Like

          • Wainscott says:

            And that’s not even considering the salaries for D-League players would have to be high enough to get 18 year olds to forego college, that a vast majority of MBB players do not intend or even want to go pro, the quality of coaching in the D-League (playing for Coach K/Self/Calipari/Roy Williams/Boeheim or some former NBA head coach/assistant hanging on.

            So many obstacles that would take decades to surpass, if ever. The gamble is also very big for ESPN, hyping kids and spending good money on folks who do not pan out at the next level. At least with college it can sell the collegiate atmosphere to alumni and local fans with established emotional ties. Much harder to do with Erie BayHawks.

            Also, ESPN devotes very little time to HS basketball–a handful of games every year, and even the ESPN hype machine won’t make enough people care about 18 year olds without some basis for achievement. Even Tim Tebow needed some success on the field at UF before ESPN was able to make him a legend. Same with Manziel. And more people follow football than basketball.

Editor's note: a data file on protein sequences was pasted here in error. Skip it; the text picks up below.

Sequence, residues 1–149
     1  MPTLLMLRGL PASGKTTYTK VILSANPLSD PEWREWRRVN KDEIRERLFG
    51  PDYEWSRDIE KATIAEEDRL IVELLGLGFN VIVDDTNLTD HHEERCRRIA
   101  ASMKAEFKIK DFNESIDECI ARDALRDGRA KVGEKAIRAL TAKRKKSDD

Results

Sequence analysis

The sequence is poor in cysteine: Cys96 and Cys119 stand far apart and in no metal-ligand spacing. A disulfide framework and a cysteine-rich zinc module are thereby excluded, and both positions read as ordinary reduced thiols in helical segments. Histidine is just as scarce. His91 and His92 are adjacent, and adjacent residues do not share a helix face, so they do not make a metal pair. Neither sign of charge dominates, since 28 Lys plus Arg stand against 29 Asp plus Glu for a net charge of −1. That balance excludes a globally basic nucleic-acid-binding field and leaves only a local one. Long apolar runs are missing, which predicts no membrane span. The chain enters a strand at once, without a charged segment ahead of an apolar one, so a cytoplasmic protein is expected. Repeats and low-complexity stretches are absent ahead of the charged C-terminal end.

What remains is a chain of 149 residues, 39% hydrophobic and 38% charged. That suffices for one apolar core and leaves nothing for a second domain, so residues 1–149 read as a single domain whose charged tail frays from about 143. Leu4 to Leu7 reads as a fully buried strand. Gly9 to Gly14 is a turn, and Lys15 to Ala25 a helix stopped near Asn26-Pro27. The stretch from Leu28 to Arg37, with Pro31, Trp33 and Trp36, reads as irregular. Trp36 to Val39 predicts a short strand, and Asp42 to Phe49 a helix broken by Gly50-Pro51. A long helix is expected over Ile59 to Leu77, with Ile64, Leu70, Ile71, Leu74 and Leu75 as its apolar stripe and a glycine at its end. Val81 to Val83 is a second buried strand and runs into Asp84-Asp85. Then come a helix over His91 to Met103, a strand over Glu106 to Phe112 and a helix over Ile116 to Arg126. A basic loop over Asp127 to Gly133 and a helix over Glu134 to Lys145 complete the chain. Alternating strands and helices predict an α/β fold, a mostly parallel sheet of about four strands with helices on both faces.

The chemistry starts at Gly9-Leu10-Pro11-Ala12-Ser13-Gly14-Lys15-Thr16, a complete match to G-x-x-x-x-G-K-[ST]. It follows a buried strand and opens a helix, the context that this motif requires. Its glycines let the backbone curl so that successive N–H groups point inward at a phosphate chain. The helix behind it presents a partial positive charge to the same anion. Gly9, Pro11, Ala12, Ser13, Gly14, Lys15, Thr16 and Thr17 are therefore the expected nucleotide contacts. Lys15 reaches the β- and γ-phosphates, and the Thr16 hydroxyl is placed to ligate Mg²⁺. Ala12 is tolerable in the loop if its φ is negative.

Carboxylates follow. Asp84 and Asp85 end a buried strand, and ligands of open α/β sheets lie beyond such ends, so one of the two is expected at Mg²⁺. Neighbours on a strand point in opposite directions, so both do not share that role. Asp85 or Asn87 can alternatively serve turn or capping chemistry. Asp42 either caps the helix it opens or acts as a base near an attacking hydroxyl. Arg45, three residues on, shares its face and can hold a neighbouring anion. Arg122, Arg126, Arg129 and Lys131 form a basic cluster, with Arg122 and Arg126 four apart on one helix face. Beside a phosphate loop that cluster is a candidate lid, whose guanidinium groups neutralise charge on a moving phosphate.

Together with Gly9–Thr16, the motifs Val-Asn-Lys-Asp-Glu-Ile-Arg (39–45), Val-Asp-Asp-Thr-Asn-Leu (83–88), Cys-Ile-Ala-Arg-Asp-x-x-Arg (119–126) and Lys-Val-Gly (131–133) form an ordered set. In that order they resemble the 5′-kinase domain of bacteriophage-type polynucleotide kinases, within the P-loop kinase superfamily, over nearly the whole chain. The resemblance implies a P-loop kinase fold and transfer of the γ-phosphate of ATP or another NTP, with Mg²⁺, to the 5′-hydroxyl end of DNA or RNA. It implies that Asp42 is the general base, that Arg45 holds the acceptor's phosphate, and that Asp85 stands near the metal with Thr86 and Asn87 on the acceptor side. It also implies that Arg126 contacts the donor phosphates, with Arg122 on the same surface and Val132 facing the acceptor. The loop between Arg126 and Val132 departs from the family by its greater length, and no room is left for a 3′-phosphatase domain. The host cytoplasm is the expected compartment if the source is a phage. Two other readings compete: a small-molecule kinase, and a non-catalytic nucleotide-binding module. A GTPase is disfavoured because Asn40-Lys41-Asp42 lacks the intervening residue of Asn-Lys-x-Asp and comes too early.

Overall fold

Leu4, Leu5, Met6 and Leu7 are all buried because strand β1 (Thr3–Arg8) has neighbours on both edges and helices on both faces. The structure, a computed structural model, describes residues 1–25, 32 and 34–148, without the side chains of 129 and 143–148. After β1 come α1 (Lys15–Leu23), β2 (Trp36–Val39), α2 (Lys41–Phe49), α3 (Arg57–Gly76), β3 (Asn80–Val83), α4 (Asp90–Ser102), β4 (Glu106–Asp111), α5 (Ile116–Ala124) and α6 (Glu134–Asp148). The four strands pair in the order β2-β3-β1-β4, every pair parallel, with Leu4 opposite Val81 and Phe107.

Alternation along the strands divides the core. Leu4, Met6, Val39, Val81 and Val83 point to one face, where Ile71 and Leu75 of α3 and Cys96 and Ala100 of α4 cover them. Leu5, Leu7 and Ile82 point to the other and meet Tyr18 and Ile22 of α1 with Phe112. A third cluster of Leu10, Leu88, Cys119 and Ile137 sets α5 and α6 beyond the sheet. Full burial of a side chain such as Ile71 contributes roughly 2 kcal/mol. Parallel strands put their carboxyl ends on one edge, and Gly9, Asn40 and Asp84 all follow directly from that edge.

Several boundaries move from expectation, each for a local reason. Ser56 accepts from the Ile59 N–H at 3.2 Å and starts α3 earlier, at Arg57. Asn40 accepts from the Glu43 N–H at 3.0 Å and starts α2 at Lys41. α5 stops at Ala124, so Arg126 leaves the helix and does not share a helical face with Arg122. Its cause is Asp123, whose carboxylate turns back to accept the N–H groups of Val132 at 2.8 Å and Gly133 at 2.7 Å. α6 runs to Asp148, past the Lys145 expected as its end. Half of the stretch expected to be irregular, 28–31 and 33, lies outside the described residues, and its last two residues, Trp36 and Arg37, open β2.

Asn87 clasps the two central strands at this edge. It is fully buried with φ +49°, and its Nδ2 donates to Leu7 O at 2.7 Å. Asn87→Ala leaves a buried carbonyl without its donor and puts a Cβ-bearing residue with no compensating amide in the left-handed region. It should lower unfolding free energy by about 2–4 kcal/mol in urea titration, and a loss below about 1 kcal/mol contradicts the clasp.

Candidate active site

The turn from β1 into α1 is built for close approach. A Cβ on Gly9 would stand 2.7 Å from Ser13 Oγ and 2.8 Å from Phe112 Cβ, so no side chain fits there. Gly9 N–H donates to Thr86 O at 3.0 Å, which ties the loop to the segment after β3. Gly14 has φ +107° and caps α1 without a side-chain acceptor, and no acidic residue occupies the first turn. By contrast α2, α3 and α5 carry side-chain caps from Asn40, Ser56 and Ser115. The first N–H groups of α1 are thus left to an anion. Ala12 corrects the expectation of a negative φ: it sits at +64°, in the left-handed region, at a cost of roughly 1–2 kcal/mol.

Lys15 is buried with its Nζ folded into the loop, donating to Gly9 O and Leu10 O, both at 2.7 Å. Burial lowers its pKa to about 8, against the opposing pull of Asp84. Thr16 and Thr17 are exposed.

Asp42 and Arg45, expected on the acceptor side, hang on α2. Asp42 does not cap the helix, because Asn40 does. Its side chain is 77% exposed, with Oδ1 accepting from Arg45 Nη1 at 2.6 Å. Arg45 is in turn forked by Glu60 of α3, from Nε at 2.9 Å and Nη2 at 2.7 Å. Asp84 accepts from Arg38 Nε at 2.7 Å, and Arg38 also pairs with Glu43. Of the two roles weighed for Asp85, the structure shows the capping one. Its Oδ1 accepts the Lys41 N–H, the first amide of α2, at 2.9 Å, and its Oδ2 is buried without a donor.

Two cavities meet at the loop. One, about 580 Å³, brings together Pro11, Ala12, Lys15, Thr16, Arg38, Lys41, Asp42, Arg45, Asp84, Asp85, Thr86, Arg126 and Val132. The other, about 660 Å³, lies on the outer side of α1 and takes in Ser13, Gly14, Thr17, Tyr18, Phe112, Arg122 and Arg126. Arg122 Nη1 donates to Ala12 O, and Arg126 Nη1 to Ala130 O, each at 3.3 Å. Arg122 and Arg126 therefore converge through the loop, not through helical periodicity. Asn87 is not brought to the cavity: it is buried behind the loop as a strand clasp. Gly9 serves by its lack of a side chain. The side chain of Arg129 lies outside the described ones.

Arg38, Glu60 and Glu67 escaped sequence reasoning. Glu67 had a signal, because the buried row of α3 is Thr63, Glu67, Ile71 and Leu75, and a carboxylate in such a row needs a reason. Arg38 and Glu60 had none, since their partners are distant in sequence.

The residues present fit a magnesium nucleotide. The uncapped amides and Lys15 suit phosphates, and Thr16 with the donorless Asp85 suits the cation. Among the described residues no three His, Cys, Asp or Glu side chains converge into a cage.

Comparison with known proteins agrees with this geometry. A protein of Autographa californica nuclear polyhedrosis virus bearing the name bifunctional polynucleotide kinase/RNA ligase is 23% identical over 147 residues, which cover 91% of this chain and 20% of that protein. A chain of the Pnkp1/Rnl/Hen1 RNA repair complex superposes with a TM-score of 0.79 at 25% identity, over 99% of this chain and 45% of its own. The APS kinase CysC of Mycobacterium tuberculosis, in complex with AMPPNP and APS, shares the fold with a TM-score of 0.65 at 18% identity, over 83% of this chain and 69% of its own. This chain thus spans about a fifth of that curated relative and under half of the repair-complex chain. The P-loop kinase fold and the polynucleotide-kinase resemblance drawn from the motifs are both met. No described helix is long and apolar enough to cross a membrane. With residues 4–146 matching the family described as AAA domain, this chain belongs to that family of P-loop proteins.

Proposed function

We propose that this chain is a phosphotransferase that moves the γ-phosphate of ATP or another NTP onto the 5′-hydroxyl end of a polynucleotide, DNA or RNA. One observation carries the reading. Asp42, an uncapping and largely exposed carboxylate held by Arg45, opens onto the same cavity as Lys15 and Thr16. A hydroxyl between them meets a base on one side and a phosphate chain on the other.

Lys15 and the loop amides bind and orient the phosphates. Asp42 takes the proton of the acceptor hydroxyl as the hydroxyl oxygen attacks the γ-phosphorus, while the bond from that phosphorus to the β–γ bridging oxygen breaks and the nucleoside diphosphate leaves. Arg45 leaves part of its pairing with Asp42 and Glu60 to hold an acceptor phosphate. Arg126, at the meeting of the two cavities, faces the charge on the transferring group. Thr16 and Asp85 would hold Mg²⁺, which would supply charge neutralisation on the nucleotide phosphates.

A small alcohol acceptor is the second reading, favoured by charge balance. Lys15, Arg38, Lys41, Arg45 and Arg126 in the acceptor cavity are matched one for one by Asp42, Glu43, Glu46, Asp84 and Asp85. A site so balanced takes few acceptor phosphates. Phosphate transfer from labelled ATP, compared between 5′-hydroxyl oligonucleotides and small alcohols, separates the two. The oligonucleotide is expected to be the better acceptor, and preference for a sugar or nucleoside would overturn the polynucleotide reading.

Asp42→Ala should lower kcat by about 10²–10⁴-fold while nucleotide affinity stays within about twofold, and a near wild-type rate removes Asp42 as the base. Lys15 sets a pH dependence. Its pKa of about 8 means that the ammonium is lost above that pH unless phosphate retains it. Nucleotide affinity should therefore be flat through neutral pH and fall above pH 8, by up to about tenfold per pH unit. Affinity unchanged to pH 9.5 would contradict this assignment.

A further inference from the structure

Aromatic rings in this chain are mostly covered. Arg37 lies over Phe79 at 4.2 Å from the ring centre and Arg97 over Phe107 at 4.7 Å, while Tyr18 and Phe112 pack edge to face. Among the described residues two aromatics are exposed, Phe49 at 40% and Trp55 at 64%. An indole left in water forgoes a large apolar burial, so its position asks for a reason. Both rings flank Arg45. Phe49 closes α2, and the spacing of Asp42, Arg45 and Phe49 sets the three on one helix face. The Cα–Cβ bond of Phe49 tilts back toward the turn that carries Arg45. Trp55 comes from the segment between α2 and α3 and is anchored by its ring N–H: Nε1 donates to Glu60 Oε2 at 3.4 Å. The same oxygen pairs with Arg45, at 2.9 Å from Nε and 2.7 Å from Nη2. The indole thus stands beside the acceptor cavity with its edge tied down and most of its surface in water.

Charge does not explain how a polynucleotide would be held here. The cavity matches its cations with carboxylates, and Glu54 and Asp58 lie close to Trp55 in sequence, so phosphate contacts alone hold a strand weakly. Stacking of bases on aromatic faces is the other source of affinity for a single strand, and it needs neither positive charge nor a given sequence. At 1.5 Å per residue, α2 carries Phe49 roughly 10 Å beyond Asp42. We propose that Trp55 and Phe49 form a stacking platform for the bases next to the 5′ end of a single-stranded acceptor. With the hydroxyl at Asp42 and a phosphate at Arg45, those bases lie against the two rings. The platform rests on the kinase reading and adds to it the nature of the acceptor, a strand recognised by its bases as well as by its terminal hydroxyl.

The Lebrons of the world, where Time Warner was able to sell his high school games for 10 bucks a pop PPV in Ohio are very few and far between, once in a generation talents. And part of his hype was that he was an Akron kid who had a real chance of rescuing his home state Cavs after some period of extreme futility. A real made for TV story.

            Like

          • @Wainscott – Agreed. Plus, we already see how little coverage minor league baseball garners despite having top prospects right out of high school, and a fair number of those minor league teams have legitimate multi-generational fan bases that would take decades for the D-League to build up. Separately, the European pro leagues play at a higher level than Division I basketball while paying much higher salaries than the D-League ever could (as many of them are owned by cash-rich soccer clubs in places like Spain), yet there’s no media interest here in those games (even though plenty of NBA fans are following prospects overseas, as I am doing with Nikola Mirotic that the Bulls have contract rights to and would be considered to be a high lottery pick if he was coming out in this year’s draft) and American players have continued to shun them.